There are four things I’ll address about taking the exam – reading, planning, writing, and pacing.  First, reading.  Every year the examiners’ report is littered with examples of students sitting the exam who didn’t read the instructions or the questions.  The instructions have some crucial information in them, particularly which and how many questions you are required to answer.  Typically the theory section will have a mandatory question and then several others of which you are required to answer most but usually not all.  Obviously it’s important that you understand which question you are required to answer, but it’s also critical that you not waste time writing answers beyond the ones for which you will be awarded points.  Every year some number of students make that mistake, so don’t be one of them.  Also, double check names.  Even casually it’s very easy to mix up Pouilly-Fuissé and Pouilly-Fumé, but under the stress of exam conditions it’s been known to happen with Austria and Australia.

Reading is important for the tasting section as well, as each flight is of a distinct nature that requires a specific type of tasting note.  Typically these will be along the lines of an assessment of quality of three similar wines, or finding the theme that unites the three wines.  If you just write standard tasting notes for each flight without having understood the instructions, you’re unlikely to receive full points.

After you’ve read the instructions and all the questions, you need to start planning before you put your pen to paper.  First, if you have a choice of questions you’ll need to decide which questions to answer.  There may be a question for which you are completely unprepared (hopefully not the mandatory question) or it may be just a matter of deciding for which questions the material is freshest in your mind.  Second, if you are going to answer one of the multiple short answer questions, decide which ones, because you’re likely to be allowed to drop one or two.

Next, jot down a quick outline of how you plan to answer each question.  This serves two purposes – you’ll write a better answer if you have an idea as to the structure you want before you start writing, and also you’ll quickly find out if you would be better off answering a different question instead.  If your answer is about a region or a grape, it’s also handy to jot down reminders as to the points you want to make sure you address in your answer.  This also applies for the tasting, making sure you cover all the required parts of the SAT.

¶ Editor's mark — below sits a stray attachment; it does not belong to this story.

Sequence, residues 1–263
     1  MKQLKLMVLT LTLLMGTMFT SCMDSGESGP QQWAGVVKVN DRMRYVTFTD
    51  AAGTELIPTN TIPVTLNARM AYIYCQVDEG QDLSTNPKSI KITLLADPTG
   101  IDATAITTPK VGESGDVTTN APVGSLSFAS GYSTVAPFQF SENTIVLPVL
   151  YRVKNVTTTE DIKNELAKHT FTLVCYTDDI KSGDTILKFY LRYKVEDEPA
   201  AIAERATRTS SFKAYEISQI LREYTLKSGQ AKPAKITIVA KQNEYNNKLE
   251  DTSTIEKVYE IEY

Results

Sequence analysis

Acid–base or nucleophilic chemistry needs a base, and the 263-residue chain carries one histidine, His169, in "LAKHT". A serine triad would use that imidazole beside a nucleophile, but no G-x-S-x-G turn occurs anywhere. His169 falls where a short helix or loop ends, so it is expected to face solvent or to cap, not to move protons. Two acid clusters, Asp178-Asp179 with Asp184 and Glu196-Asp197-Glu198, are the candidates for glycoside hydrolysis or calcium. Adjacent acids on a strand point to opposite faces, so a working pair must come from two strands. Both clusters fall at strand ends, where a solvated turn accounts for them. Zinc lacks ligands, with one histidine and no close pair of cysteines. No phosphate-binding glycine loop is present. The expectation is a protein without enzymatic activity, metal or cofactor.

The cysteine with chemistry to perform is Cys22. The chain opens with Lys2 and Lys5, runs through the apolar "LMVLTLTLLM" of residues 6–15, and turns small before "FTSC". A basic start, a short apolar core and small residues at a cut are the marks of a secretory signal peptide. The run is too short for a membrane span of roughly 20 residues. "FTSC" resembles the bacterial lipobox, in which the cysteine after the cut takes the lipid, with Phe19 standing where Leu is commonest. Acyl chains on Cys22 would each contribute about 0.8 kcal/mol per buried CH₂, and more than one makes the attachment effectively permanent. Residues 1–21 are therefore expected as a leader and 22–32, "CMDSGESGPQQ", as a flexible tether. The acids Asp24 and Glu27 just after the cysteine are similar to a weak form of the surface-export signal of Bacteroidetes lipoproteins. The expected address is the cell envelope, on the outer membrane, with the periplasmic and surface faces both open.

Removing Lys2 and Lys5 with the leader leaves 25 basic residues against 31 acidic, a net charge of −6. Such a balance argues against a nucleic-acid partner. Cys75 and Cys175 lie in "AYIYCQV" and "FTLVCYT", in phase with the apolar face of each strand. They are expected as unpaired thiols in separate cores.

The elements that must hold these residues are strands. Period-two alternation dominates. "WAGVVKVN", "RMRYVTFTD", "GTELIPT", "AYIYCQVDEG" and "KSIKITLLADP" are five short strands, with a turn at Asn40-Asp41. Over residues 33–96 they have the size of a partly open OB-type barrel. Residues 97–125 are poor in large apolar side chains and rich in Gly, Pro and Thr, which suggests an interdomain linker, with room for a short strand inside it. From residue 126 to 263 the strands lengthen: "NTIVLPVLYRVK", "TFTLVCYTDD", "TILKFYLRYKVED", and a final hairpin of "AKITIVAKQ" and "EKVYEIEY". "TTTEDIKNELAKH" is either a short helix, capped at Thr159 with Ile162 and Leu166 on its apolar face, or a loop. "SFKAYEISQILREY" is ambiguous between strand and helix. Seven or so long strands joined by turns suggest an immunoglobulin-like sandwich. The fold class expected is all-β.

Third, writing.  Over the course of sitting the exam, you’ll be writing furiously for hours.  Unless you write in longhand often, it can be a shock to the system, which is the last thing you need during the exam.  For that reason, I strongly encourage people to sit a practice exam.  It is a good idea for other reasons as well, but really, it’s worth it just to get the experience of having to write page after page of text as quickly as you can.  Also, you’ll get a better idea as to how much you can write in a fixed amount of time, which brings me to my last point, pacing.

When I took the theory part of the exam we were given three hours in which we had to answer five questions.  That works out nicely to 15 minutes prep time, 30 minutes per question, and then 15 minutes at the end to review.  However, you really need to stick to it. If you go over time on one question, you will have that much less time for the rest.

The same is true for your tasting flights.  Make sure you quickly hit all the points of the SAT because they are easy marks which should not require a huge amount of thought.  Don’t  get too bogged down in trying to nail the grape and the region.  Keep in mind how few marks they are worth relative to the tasting note as a whole and don’t obsess over them when you would be better off putting down your best guess and moving on to the next sample

So that’s it.  I expect Diploma students will get more use out of the OCW links I posted last week than any number of tips I could ever write, and recognizing that I’ve updated them with the two pages from the very front of the Unit 3 Study Guide in the “How to use this Study Guide” section.  They are largely for review, but potentially useful for students who are preparing for their Unit 1 and Unit 2 exams.  As always, I’m not an examiner and I have no special insight other than having passed (and only just at that).

Domain Registration Failure

The registration for this domain expired recently, without notification and despite auto-renewal being enabled.  While service was uninterrupted from my point of view, apparently such was not the case in other parts of the world.  Apparently some users were redirect to  less savoury websites.  My provider has assured me that it won’t happen again, though I am still in the dark as to how it happened at all.

This is of course incredibly embarrassing, and I apologize to any users who were inconvenienced and especially to Jancis Robinson who so kindly directed people to check out the pages of links I posted.

OCW Links for WSET Diploma Students

Well worn course materials

Well worn course materials

As a WSET Diploma student, the most important theory course materials are the red Study Guides which are created by the WSET for the course, and the Oxford Companion to Wine by Jancis Robinson.  The Study Guides contain largely summary information about the content of the course, along with maps, sample question, and space for notes.  The largest runs to almost 200 pages.  The OCW contains a huge amount of material, though only a subset of it is within the Diploma curriculum.  The edition I have runs to over 800 pages, but if you subscribe to the Purple Pages at jancisrobinson.com (and there is a student discount), there is also an online version.